Folk culture has one important difference from modern mass culture: folk culture is not consumer culture. Those bands that I gave links to in the second part are, of course, pros, but this is only the tip of the iceberg. Below are lesser known musicians. Even lower - just cool musicians who never recorded and did not give concerts further than the neighboring town. And at the very bottom - ordinary sessions on ordinary sessions. Who play in the evening in the pub for their own pleasure over a glass of beer - sometimes they play well, sometimes they play so-so, but everyone tries to play better.

And this is a self-sustaining system: the more stars, the more simple sessioners. The more simple sessioners, the more stars will grow.

We live in a very consumerist world. Not only in the sense of delicious food and cool short-lived things, but also in the, uh, spiritually active sense.

We watch football on TV instead of playing it in the yard.
We watch movies, but we don't organize an amateur theatre.
We download music and never try to play it ourselves.
We read on the internet for politics and don't try to go and do anything.
We go to the Riverdance show, but we don't try to get in a set and dance.
And we create nothing, absolutely nothing outside the framework of the work for which we are paid a salary.

You look at our hobbies, and everywhere there is either consumption or, at best, a nerdy quality - an elf of level 80, a 100 kg chest press, a medal from an Irish dance competition. We don't create anything. And there are always excuses - "no talent", "no data", "no voice", "no hearing", "I'm clumsy", "health does not allow", "it's too late for me, age."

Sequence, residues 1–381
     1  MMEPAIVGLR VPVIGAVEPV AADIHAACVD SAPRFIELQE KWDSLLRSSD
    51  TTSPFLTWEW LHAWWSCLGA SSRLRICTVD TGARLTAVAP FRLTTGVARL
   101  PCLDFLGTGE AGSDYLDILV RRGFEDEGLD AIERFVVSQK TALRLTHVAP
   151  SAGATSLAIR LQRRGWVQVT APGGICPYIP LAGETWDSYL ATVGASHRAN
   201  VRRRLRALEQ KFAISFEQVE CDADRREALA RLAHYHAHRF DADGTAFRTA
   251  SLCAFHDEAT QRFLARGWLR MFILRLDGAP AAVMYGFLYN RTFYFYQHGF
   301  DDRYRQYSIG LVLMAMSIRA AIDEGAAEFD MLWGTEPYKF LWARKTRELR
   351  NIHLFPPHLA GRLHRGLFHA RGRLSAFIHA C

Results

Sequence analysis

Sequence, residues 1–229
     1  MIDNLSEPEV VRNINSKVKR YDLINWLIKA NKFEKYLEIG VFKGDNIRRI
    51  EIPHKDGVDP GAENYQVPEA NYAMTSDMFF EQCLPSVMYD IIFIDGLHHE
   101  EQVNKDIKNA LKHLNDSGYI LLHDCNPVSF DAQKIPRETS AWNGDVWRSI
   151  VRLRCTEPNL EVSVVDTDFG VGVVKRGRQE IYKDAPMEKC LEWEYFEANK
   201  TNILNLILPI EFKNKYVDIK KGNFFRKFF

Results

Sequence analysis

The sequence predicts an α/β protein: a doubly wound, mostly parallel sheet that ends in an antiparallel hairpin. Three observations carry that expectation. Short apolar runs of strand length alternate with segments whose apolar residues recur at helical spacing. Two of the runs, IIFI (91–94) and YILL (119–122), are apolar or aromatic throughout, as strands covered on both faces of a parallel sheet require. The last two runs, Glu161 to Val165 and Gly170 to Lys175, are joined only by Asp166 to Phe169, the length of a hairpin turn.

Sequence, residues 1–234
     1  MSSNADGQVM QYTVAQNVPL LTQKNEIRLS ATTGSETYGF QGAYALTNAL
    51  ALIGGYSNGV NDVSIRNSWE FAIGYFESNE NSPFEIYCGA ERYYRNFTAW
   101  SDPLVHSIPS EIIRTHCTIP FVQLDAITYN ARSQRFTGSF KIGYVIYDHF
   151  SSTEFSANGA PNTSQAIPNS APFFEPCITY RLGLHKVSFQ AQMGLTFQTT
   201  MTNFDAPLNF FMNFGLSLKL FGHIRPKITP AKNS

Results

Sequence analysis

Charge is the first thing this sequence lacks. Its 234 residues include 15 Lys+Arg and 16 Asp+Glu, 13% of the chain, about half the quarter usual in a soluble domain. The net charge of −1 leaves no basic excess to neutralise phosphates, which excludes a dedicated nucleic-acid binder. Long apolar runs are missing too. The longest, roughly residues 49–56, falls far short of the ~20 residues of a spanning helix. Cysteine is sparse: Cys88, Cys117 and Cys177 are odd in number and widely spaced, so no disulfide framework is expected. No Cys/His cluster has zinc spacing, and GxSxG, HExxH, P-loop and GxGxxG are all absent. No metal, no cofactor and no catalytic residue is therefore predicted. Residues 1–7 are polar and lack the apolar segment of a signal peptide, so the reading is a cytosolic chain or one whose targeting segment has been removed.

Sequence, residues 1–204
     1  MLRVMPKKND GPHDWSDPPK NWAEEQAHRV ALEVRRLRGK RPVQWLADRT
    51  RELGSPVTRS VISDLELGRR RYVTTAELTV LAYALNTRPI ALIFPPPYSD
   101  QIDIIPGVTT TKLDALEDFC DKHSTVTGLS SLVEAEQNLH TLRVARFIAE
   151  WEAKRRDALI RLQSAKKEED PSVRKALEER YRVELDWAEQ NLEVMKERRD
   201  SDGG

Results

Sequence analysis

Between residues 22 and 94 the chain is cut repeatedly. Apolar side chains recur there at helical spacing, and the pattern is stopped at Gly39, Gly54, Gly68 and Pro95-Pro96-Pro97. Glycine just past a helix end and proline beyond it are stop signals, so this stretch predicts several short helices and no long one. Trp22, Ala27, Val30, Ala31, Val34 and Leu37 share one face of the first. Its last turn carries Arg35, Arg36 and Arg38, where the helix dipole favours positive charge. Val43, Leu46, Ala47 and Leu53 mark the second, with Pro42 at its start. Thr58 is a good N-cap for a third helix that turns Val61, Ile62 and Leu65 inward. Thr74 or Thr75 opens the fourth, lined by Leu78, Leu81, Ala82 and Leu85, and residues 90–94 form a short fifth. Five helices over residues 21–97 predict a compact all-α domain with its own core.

But folk music and dances are not like that. They appeared when there were no entertainment and cultural products to simply consume, when it was the norm to create them yourself. Every smelly, unwashed, uneducated Cossack, every Russian woman with a dozen children, who plowed like an ox all her life - they knew how to sing, so much so that you sway - and you, a free person of the 21st century, therefore, have no hearing and no voice. Some impoverished, hungry Irishman, who all his life ate only potatoes and could not read, burns on the violin inherited from his father until itching in his heels, and you have no talent and a musical education. Some Irish and American grandfathers on the forum are discussing what it's like to start playing after 60, and your fingers do not bend at 30. Scottish grannies under 70 at balls imposingly fly in jigs, stride stratspei, circle waltzes - and Lyudmila believes that it’s too late for her to dance. Oh well. :-)

All these excuses boil down to "I'm afraid I won't be able to" and "I'm too lazy". However, any business can be learned to some average level, if you spend some time on it, although many do not believe. You need less for dancing, more for music, but everyone can do it.

Talent is a separate issue. First, you plow over the pipe for two years, then two more years over the accordion, then you show someone the blood and then the result (not God knows what, but it’s like it is), and you - “wow, you’re a talent! sorry that I’m so I can not".

Learn more